Astronomy Picture of the Day
    


Iron in the Butterfly Nebula
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Iron in the Butterfly Nebula
Credit & Copyright: NASA, ESA, Hubble; Processing & License: Judy Schmidt
Explanation: Can stars, like caterpillars, transform themselves into butterflies? No, but in the case of the Butterfly Nebula -- it sure looks like it. Though its wingspan covers over 3 light-years and its estimated surface temperature exceeds 200,000 degrees, C, the dying central star of NGC 6302, the featured planetary nebula, has become exceptionally hot, shining brightly in visible and ultraviolet light but hidden from direct view by a dense torus of dust. This sharp close-up was recorded by the Hubble Space Telescope and is reprocessed here to show off the remarkable details of the complex planetary nebula, highlighting in particular light emitted by iron, shown in red. NGC 6302 lies about 4,000 light-years away in the arachnologically correct constellation of the Scorpion (Scorpius). Planetary nebulas evolve from outer atmospheres of stars like our Sun, but usually fade in about 20,000 years.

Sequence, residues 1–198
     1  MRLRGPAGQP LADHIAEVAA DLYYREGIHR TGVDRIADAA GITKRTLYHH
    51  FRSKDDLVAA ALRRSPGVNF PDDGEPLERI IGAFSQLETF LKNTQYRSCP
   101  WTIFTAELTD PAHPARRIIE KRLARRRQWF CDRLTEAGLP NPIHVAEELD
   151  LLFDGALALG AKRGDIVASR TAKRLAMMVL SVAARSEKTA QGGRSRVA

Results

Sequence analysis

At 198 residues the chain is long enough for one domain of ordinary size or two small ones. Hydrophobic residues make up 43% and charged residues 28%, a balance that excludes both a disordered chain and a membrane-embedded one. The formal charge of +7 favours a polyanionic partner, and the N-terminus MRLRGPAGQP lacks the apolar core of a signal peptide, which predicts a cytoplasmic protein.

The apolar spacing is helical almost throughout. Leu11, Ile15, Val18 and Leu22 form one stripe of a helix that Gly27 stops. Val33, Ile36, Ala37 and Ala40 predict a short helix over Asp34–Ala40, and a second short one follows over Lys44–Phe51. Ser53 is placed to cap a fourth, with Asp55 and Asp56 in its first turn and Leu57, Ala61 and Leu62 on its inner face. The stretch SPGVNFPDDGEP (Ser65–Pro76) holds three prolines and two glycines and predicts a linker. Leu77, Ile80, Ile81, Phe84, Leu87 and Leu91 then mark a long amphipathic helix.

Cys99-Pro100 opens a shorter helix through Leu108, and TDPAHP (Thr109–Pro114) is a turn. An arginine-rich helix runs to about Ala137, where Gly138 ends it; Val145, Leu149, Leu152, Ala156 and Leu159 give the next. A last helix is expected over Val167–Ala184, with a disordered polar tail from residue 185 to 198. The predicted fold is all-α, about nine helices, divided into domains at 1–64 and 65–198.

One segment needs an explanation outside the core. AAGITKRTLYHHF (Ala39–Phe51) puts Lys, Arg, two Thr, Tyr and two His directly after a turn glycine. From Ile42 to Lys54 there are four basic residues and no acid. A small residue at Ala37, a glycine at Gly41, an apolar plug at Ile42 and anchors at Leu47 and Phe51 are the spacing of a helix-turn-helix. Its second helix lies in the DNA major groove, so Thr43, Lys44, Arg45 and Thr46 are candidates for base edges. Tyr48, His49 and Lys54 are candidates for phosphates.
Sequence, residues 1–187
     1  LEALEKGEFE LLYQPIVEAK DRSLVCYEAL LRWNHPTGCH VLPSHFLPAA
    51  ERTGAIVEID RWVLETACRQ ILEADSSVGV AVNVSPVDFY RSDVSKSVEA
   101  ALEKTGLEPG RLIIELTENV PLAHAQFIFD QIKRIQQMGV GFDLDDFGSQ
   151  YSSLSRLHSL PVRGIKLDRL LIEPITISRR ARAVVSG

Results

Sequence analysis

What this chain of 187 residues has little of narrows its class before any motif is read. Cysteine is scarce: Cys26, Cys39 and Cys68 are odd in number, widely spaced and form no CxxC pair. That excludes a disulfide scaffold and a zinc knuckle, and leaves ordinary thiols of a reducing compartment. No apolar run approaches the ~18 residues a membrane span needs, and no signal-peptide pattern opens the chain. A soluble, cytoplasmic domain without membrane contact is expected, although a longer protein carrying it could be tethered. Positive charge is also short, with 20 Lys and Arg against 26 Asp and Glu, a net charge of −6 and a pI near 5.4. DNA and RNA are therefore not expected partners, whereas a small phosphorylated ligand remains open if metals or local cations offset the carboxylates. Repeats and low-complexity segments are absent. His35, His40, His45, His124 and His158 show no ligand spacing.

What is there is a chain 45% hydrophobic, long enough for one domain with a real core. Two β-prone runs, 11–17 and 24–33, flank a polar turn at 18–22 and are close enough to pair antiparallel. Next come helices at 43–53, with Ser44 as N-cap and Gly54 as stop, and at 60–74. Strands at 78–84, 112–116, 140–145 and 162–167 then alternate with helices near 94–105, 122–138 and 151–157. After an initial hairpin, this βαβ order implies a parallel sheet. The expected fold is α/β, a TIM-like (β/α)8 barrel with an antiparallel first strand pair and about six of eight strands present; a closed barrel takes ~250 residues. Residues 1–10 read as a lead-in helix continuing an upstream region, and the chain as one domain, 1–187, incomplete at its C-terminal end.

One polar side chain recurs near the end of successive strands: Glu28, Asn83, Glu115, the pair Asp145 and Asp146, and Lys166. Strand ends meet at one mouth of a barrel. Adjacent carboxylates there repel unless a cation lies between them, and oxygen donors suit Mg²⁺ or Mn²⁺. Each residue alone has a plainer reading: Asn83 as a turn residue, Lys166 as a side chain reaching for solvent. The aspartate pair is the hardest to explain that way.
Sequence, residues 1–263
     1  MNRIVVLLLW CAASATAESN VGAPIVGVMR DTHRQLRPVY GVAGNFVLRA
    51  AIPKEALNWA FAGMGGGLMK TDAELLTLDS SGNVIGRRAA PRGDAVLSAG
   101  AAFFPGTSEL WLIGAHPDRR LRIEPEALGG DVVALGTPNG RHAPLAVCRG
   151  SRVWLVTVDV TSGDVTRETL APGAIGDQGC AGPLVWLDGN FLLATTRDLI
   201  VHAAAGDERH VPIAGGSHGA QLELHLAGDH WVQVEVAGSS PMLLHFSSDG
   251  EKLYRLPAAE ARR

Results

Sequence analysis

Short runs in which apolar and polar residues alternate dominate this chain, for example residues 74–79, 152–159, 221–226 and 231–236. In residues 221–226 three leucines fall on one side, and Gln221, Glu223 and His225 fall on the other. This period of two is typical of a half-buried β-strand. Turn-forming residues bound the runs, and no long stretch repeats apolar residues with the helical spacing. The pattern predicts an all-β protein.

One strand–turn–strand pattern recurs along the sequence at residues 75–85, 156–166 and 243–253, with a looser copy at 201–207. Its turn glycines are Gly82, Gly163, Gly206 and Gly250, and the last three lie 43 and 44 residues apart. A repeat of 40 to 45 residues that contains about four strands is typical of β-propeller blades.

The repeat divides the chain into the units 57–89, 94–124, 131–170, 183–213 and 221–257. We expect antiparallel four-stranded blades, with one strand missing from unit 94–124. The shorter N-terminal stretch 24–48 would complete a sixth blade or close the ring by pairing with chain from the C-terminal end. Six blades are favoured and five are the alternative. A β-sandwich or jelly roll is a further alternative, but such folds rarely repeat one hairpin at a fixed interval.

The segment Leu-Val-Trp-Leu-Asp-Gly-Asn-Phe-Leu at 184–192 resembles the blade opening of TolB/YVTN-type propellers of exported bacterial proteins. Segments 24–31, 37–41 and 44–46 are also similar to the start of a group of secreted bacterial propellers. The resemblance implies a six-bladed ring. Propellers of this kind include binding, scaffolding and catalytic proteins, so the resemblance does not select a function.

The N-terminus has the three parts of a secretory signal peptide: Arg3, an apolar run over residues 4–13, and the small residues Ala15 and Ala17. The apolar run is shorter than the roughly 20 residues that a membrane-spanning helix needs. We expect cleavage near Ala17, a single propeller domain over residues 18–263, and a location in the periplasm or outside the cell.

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Authors & editors: Robert Nemiroff (MTU) & Jerry Bonnell (USRA)
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NASA Official: Jay Norris. Specific rights apply.
A service of: LHEA at NASA / GSFC
& Michigan Tech. U.

Based on Astronomy Picture Of the Day

Publications with keywords: butterfly nebula
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